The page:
The Mars Orbiter Mission, also known as Mangalyaan (meaning "Mars Craft" in Sanskrit), is India's first interplanetary mission launched by the Indian Space Research Organisation (ISRO). Launched on November 5, 2013, Mangalyaan aimed to study the Martian atmosphere, climate, geology, and search for signs of life on the Red Planet.
The mission was a significant milestone for India as it marked the country's entry into the exclusive club of nations with interplanetary missions. Mangalyaan was designed to demonstrate India's technological capabilities, showcase its prowess in space exploration, and provide valuable scientific insights into Mars.
The spacecraft, weighing approximately 1,350 kilograms, was equipped with five scientific instruments to gather data about Mars. These instruments included a Mars Colour Camera to capture high-resolution images, a Thermal Infrared Imaging Spectrometer to analyze the planet's surface composition, a Lyman Alpha Photometer to study the abundance of hydrogen and deuterium in the upper atmosphere, and a Mars Exospheric Neutral Composition Analyser to study the planet's exosphere.
The Mars Orbiter Mission was not only a technological achievement but also a demonstration of cost-effectiveness. With a budget of approximately $75 million, it was one of the least expensive Mars missions ever undertaken. The success of Mangalyaan showcased India's ability to accomplish complex space missions within a limited budget.
On September 24, 2014, after a journey of around 10 months and covering a distance of about 670 million kilometers, Mangalyaan successfully entered the Martian orbit. India became the first country to achieve a successful Mars mission on its maiden attempt. This accomplishment added a significant feather to ISRO's cap and brought global recognition to India's space program.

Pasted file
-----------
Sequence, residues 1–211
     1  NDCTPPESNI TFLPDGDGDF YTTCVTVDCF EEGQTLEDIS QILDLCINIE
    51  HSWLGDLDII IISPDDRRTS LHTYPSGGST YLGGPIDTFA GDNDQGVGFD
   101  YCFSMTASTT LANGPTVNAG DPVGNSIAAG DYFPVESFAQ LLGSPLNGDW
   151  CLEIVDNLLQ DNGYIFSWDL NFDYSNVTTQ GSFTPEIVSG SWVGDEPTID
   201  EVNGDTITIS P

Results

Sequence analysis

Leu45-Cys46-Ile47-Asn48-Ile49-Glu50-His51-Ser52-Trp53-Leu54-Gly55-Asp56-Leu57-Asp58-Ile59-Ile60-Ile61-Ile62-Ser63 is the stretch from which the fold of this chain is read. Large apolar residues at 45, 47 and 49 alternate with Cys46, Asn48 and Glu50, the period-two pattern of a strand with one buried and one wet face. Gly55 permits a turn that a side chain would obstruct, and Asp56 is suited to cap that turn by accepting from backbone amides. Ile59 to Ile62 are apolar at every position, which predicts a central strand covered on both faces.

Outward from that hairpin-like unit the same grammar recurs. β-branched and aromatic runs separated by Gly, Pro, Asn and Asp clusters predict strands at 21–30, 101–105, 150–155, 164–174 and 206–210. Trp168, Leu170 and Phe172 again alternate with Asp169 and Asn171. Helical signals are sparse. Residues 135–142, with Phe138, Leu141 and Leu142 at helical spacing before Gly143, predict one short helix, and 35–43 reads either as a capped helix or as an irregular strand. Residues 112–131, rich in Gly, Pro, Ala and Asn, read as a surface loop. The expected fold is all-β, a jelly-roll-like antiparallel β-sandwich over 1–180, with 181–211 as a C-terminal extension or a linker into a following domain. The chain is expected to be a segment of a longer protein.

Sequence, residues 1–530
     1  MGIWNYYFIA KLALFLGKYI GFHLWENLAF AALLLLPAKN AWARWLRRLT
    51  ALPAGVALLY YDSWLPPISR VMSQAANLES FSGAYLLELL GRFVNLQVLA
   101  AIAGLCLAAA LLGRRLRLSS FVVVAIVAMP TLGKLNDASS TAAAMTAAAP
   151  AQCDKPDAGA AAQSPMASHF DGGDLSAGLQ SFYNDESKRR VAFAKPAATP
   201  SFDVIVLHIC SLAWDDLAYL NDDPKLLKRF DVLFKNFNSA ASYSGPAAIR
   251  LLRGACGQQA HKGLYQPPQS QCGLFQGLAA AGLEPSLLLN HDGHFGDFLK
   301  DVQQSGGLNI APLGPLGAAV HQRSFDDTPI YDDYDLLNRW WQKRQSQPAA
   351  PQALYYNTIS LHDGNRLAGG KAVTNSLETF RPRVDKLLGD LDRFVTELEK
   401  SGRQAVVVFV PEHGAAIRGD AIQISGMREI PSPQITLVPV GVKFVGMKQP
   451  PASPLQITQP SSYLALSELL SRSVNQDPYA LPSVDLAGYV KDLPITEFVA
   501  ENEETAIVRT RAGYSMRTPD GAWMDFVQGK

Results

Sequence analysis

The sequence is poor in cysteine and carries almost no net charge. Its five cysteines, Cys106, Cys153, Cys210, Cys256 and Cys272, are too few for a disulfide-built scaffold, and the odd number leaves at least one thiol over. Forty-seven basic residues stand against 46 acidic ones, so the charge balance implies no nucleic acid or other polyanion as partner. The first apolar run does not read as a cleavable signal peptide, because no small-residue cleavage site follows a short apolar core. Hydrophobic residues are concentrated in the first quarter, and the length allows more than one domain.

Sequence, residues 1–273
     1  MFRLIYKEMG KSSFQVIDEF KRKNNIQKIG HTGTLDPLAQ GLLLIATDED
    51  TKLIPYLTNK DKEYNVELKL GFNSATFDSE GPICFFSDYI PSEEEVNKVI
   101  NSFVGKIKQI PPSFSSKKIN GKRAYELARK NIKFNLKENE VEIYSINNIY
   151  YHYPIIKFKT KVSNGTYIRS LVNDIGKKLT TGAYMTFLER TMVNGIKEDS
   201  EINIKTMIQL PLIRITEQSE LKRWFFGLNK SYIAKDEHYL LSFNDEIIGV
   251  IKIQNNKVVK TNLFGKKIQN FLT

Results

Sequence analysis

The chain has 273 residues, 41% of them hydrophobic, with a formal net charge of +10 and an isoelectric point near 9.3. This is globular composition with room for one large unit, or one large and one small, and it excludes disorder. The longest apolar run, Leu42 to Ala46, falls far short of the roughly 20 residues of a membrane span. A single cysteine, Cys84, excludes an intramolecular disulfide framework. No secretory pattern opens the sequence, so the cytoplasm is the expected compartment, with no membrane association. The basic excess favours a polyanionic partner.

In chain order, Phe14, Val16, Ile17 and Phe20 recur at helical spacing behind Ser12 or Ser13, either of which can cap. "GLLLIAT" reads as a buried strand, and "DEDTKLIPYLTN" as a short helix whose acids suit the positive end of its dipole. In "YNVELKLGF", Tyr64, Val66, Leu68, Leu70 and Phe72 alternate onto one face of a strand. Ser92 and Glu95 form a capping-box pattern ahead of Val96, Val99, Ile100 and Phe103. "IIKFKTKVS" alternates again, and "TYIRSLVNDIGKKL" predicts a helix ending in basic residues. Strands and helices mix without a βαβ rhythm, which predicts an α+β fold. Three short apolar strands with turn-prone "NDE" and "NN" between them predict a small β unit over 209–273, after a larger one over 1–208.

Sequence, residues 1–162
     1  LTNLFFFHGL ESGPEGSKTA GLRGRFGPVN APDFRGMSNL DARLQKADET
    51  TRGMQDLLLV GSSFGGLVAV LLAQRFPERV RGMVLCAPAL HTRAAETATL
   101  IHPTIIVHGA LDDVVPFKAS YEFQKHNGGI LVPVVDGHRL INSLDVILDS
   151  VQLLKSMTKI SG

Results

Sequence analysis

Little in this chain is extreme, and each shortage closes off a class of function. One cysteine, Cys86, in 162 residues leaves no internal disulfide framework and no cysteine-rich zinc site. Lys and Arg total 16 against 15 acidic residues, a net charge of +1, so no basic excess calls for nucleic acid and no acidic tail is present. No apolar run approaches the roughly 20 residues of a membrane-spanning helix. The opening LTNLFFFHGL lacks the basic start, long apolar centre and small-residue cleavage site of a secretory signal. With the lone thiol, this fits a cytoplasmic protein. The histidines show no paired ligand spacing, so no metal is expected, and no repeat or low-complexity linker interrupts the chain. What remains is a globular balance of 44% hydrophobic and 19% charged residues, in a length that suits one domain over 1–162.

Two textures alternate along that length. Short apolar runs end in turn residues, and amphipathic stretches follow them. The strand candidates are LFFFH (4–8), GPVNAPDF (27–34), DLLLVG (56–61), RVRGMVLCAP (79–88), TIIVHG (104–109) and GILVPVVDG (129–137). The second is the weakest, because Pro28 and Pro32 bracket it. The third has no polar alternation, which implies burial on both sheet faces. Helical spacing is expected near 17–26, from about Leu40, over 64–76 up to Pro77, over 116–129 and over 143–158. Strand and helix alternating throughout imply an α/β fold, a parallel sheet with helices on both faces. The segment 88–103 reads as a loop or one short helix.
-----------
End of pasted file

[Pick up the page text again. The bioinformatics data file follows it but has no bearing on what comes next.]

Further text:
Over the years, the Mars Orbiter Mission has provided valuable scientific data and insights into the Martian atmosphere and surface features. It has contributed to our understanding of the Red Planet and its potential habitability. The mission's success has also inspired a new generation of scientists and engineers in India and fostered greater international collaboration in space exploration.
In summary, the Mars Orbiter Mission, Mangalyaan, marked a historic milestone for India's space program. It demonstrated India's technological capabilities, cost-effectiveness, and determination in exploring the unknown. The mission's success not only advanced our scientific knowledge but also served as a source of national pride, inspiring future space missions and fostering international cooperation in the field of space exploration.